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Old 23rd July 2006
  #9
Lives for gear
 

Not sure podcasting adds anything to this problem, which appears to be getting a decent portable location interviewing kit. What you do with the audio after the recording is pretty much irrelevant.

We have recorded some spoken word interviews and conferences and found the best results with a Royer SF12/24 for sit down, across the table stuff, as you can hang one mic in the middle and both sides work even with four participants. For moving lecturers, some little radio packs and the some of the thoroughly excellent DPA 4060's clipped to lapels/hair/headband work the best of all, no other mics come close to these for decent output and tonal accuracy.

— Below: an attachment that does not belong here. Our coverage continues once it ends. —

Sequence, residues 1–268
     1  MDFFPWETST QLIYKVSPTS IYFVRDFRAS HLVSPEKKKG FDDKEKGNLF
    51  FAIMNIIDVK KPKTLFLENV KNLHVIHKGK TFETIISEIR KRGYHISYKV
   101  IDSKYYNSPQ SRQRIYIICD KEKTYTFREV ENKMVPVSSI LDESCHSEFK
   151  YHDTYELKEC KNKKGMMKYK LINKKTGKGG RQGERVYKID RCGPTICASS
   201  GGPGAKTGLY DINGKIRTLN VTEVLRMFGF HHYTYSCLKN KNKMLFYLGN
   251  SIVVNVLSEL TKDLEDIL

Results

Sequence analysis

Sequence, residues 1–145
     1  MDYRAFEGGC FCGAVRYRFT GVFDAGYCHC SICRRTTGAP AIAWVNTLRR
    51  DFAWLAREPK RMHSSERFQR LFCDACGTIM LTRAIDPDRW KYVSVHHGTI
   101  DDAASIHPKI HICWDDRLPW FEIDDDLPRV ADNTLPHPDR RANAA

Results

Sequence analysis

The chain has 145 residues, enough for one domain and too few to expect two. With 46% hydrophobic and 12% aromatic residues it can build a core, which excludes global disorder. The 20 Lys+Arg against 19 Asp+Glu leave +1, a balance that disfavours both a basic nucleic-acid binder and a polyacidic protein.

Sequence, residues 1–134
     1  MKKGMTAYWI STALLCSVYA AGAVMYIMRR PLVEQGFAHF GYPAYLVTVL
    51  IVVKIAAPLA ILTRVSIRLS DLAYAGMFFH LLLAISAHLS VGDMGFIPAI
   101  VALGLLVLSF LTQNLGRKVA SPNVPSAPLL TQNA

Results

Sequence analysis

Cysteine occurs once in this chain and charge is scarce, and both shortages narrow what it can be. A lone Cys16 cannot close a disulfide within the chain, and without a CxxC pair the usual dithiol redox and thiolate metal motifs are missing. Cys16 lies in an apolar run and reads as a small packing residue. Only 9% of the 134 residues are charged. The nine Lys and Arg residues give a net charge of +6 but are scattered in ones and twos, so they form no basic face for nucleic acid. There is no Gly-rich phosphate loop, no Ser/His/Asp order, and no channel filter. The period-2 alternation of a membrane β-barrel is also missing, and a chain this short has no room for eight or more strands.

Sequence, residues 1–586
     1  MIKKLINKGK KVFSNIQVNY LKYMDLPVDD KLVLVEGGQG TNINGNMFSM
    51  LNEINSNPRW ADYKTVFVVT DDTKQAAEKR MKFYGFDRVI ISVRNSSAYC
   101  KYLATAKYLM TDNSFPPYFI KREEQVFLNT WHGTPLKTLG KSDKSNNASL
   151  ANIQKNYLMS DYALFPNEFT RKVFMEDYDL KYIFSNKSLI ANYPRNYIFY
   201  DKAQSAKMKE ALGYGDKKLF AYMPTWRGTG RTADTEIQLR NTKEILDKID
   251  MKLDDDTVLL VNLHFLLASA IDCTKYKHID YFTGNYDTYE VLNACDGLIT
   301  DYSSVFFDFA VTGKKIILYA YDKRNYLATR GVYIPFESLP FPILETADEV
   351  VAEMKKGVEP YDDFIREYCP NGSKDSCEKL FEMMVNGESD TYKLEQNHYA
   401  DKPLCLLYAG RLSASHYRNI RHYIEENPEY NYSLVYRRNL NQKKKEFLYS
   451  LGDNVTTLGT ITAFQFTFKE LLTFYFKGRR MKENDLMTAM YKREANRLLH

Record this to stereo with any of the hard disk recorders or laptop and you are done. I have heard some monumentally woeful podcasts in the computer profession, which were recorded with Skype phones, mobile phones, heaps of pulsating/breathing compression and where you are subjected to all the saliva and scottish mouth music from the interviewer and almost nothing from the interviewee.

Its not a podcast problem, its simply a normal recording problem to be solved with good mics, good mic placement, and good preamps.